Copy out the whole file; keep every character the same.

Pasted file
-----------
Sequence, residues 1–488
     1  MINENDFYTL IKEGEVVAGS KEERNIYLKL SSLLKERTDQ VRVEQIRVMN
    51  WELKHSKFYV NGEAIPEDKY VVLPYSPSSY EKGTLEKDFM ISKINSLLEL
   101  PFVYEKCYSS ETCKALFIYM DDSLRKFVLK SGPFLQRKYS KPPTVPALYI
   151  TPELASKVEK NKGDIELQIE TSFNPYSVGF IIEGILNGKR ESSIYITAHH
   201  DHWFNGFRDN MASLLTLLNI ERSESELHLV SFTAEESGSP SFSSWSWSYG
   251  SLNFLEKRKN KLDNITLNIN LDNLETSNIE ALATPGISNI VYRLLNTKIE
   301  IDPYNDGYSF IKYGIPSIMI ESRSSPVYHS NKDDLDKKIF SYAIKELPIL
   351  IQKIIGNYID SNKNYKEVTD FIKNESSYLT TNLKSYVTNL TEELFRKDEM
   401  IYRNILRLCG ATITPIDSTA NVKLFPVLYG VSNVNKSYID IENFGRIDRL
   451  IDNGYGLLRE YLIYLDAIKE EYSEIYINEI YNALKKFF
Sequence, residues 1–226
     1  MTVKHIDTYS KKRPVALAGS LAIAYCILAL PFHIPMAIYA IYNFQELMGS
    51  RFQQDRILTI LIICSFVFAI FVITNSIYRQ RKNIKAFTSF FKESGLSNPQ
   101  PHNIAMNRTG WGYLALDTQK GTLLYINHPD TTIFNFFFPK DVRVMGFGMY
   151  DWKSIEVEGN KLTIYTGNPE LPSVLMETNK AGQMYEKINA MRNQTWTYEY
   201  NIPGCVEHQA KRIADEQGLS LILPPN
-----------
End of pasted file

Sequence, residues 1–488
     1  MINENDFYTL IKEGEVVAGS KEERNIYLKL SSLLKERTDQ VRVEQIRVMN
    51  WELKHSKFYV NGEAIPEDKY VVLPYSPSSY EKGTLEKDFM ISKINSLLEL
   101  PFVYEKCYSS ETCKALFIYM DDSLRKFVLK SGPFLQRKYS KPPTVPALYI
   151  TPELASKVEK NKGDIELQIE TSFNPYSVGF IIEGILNGKR ESSIYITAHH
   201  DHWFNGFRDN MASLLTLLNI ERSESELHLV SFTAEESGSP SFSSWSWSYG
   251  SLNFLEKRKN KLDNITLNIN LDNLETSNIE ALATPGISNI VYRLLNTKIE
   301  IDPYNDGYSF IKYGIPSIMI ESRSSPVYHS NKDDLDKKIF SYAIKELPIL
   351  IQKIIGNYID SNKNYKEVTD FIKNESSYLT TNLKSYVTNL TEELFRKDEM
   401  IYRNILRLCG ATITPIDSTA NVKLFPVLYG VSNVNKSYID IENFGRIDRL
   451  IDNGYGLLRE YLIYLDAIKE EYSEIYINEI YNALKKFF
Sequence, residues 1–226
     1  MTVKHIDTYS KKRPVALAGS LAIAYCILAL PFHIPMAIYA IYNFQELMGS
    51  RFQQDRILTI LIICSFVFAI FVITNSIYRQ RKNIKAFTSF FKESGLSNPQ
   101  PHNIAMNRTG WGYLALDTQK GTLLYINHPD TTIFNFFFPK DVRVMGFGMY
   151  DWKSIEVEGN KLTIYTGNPE LPSVLMETNK AGQMYEKINA MRNQTWTYEY
   201  NIPGCVEHQA KRIADEQGLS LILPPN